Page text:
Instead of subjecting themselves wholesale to the Charter for the Protection of Children and Young People — which would have fulfilled the conditions of the pope’s new legal framework with the exception of a few necessary amendments — the bishops adopted “Directives for the Implementation of the Provisions of Vos estis lux mundi Concerning Bishops and their Equivalents.”
One of this text’s main differences from the charter is that allegations against bishops accused of sexual misconduct or cover-up are not placed before an all-lay review board, as in the cases of priests or deacons accused of abuse of minors. In fact, the bishops decided that they would not go above the law given by the pope and pledge themselves to mandate inclusion of the laity in investigations of accused bishops. Instead, the text only recommends that the metropolitan in charge of the investigation make use of qualified laypeople in the course of the investigation, underscoring the great latitude afforded to the metropolitan himself in overseeing how an investigation would unfold. The bishops have more work in front of them to assure transparency and impartiality within this model.
For example, given that diocesan implementation of the charter undergoes regular audits, Bishop Jaime Soto of Sacramento, California, proposed the directives include an auditory process to ensure proper implementation and oversight. Although his amendment was scrapped at this meeting, there is an expectation it will appear as an action item at the November general assembly.
Finally, in “Affirming Our Episcopal Commitment,” the bishops reiterate adherence to the expectations associated with their calling and the responsibilities and obligations of their office as well as a pledge to do better and respond more attentively to the hurt, anger, frustration and betrayal related to the many scandals associated with the crisis.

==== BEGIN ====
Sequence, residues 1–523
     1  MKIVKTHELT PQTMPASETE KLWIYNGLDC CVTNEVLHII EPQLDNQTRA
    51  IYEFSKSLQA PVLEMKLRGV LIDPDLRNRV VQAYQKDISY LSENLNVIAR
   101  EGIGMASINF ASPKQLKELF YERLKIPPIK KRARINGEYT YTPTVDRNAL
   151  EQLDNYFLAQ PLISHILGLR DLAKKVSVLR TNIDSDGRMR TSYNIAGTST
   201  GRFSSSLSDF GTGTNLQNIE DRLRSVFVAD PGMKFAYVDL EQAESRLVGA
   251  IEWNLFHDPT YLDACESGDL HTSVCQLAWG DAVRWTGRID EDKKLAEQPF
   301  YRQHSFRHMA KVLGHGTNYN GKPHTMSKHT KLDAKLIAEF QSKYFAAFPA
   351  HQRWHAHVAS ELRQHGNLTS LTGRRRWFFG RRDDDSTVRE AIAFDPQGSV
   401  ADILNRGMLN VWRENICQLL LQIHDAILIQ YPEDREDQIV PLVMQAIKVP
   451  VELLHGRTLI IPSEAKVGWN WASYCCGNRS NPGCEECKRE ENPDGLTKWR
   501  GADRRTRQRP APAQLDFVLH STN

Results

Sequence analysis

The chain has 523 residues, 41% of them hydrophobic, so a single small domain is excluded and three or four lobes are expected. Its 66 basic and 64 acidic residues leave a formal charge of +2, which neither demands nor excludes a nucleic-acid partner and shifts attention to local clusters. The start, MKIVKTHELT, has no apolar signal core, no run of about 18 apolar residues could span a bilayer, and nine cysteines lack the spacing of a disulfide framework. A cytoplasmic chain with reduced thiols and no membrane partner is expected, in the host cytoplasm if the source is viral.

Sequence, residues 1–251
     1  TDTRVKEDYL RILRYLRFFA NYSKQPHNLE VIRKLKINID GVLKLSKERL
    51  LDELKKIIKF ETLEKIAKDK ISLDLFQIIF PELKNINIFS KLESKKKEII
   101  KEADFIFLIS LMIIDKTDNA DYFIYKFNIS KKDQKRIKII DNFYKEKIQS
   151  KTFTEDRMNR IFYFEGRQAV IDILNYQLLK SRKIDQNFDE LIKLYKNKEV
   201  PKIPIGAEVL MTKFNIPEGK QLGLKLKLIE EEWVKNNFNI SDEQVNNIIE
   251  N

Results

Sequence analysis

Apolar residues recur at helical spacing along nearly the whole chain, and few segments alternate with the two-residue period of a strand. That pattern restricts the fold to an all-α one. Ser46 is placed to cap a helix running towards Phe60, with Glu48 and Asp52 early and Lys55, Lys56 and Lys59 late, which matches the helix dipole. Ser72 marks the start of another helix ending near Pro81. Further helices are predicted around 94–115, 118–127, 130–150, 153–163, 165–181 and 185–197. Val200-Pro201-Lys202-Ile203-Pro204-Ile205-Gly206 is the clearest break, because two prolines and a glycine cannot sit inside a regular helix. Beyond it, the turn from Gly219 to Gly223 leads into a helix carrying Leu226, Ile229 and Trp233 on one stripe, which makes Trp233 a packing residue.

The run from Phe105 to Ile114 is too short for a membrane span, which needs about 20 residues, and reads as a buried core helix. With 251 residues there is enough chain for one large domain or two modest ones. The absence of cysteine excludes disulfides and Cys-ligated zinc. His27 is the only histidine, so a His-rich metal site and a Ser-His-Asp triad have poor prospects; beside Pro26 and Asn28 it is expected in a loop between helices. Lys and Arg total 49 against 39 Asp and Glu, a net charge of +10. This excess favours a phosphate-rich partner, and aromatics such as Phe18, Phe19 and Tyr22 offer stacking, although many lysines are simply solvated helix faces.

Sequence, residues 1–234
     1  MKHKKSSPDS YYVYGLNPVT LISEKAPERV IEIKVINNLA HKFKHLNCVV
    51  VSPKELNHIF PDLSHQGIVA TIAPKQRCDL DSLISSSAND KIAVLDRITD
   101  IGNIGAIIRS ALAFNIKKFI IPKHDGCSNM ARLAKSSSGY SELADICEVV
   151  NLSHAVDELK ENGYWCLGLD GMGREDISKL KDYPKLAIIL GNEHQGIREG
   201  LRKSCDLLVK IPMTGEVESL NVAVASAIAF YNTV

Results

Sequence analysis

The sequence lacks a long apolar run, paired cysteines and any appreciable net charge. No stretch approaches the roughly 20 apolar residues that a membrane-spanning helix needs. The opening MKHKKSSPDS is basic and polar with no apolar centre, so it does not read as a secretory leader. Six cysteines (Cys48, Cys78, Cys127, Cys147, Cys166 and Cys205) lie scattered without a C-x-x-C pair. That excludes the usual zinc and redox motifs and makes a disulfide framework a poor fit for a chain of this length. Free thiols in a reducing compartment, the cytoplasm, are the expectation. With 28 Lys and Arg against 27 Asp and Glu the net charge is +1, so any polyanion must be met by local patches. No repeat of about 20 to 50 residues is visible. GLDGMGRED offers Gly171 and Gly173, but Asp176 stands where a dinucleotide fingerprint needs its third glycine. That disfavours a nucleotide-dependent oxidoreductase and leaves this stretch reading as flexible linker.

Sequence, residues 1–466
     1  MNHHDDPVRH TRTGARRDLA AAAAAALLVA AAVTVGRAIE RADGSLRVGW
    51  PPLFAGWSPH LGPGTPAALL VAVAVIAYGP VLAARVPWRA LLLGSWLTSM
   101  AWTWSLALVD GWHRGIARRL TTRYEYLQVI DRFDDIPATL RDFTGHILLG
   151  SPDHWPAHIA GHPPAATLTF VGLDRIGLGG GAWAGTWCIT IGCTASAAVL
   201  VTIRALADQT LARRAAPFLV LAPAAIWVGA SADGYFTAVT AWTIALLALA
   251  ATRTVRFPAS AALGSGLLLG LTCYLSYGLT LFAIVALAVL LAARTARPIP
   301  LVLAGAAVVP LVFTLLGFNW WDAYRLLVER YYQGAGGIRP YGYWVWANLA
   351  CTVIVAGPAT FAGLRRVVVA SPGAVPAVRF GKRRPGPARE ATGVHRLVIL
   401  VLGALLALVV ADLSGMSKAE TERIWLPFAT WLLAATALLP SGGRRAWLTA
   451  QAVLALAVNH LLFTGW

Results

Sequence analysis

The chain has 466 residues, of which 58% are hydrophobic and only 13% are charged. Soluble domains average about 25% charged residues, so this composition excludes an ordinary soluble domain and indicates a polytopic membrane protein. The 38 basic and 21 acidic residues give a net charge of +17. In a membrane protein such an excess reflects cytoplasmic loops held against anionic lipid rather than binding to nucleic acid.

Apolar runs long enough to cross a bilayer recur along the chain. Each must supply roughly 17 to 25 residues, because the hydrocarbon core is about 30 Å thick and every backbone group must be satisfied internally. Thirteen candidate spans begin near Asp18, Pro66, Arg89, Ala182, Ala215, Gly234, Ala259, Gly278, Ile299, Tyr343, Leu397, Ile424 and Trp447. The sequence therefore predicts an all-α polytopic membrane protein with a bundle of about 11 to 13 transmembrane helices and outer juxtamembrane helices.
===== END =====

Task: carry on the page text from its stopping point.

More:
Also at the meeting, the bishops pledged to develop a national third-party reporting system to field complaints of sexual abuse on the part of bishops, which they said must be implemented by May 31 of next year. Details regarding its implementation will be worked out by the administrative committee by the time of November’s general assembly. Many questions related to how effective it will be in fostering transparency and accountability will have to wait until then.
It was clear the bishops were not of one mind on what constitutes sexual abuse of a vulnerable adult. Moreover, there was no public discussion of what classifies a case of sexual misconduct abuse and what makes the adult vulnerable. Likewise, the sexual abuse of vulnerable adults appeared to be missing from one of the four priorities for the bishops’ conference from 2021-2024, which included a heading to protect and heal “God’s children.” There is currently no national policy for the review of allegations of adult misconduct made against priests or deacons, although some dioceses have established boards similar to those mandated by the charter in order to achieve an impartial and transparent investigation.
The general assembly was held, however, in the shadow of revelations regarding two notable cases of clergy sexual abuse of vulnerable adults, one related to a potentially mishandled case on the part of bishops’ conference president Cardinal Daniel N. DiNardo, and sexual harassment of adults committed by retired West Virginia Bishop Michael J. Bransfield. This growing aspect of the scandal, which came in to focus with 2018’s eruption of the sex abuse crisis, still remains to be tackled by the bishops.
While the bishops started to confront the seemingly unending number of sexual abuse cases and cover-ups among American bishops this week, it remains to be seen how effective these attempts will be in achieving the transparency and accountability the bishops need to restore their credibility and trust among the faithful so wounded by the crisis.
Michael R. Heinlein is editor of OSV’s Simply Catholic and a graduate of The Catholic University of America. He writes from Indiana.